How can I calculate my TFSA limit?

We’ll give you two ways to figure out your annual TFSA dollar limit — a shorthand way, and an official way.

Shorthand, back of the napkins way: if you turned 18 after 2009, check out the maximum annual contribution limits in the table above. Add together the maximum contributions from the year you turned 18 every year through 2024. (If you took a withdrawal from your TFSA in the previous year, add that amount as well.) Then, subtract the sum of all prior years’ contributions from $95,000: this is your current maximum contribution amount.

Officially Canada Revenue Agency (CRA)-verified way: if you don’t trust your own math, you can log into your CRA Account and find how much you’re able to contribute. Here’s some more detailed information on how to do that:

  1. Go to the CRA My Account login.

  2. Log in with your preferred method. If you’ve set up your bank as a sign-in partner, this is the simplest way to access your CRA account.

  3. On the Overview page, scroll down to the "Savings and pension plans" section. Alternatively, you can click on "Savings and pension plans" from the left navigation bar. 

  4. Look for "2024 TFSA contribution room as of January 1, 2024." This value is your most accurate calculation of your contribution room since January 1. Just remember: any contributions or withdrawals made this year will not be included in this number.

Alternatively, call the Tax Information Phone Service at 1-800-267-6999, but first make sure you’ve collected all the authentication documents listed here.

How does a TFSA withdrawal work?

One confusing aspect of TFSAs is how TFSA withdrawals affect how much you can contribute to your TFSA. A withdrawal will provide you with contribution room in the next year, not the current one. So, hypothetically, if every year you had contributed the maximum to your TFSA and then you withdrew $1,000 in 2023, you’d have to wait until January 1, 2024, to get that $1,000 contribution room back. Even if you were just hoping to replace your withdrawal, a $1,000 deposit into your TFSA anytime in 2023 (assuming you'd already contributed the max for the year) would be considered an over-contribution and subject you to CRA fines.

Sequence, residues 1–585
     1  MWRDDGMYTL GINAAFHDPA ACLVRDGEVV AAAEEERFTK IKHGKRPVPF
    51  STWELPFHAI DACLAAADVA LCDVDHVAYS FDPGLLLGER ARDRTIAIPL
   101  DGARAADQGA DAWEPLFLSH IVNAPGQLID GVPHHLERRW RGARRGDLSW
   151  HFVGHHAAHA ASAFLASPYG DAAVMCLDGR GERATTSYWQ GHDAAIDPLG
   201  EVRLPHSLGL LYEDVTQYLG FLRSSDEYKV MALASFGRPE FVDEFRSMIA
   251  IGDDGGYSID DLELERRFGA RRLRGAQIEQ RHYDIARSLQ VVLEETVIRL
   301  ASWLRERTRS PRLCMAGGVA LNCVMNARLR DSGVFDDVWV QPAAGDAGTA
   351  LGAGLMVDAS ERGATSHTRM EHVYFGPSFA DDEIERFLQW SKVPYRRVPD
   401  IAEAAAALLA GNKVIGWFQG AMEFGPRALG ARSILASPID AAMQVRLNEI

What's the penalty for exceeding the TFSA limit?

The CRA may get a bad rap, but it’s not trying to get you to over-contribute to your TFSA in order to collect a few extra dollars in fees. In fact, the agency will normally send a letter in the first instance of an over-contribution and allow you to withdraw the excess amount before they would hit you with a penalty. Thoughtful, huh?

But if you ignore the warning, and any over-contribution stays in the account, the CRA will then charge 1% a month of your over-contribution amount until you remove it. For example, if you over-contribute by $2,000, you'll pay $20 a month in fines until you withdraw the excess.

Last Updated November 25, 2023

Open an account for your saving goals

Start investing
Spinning Wealthsimple coin

Open an account to fit your goals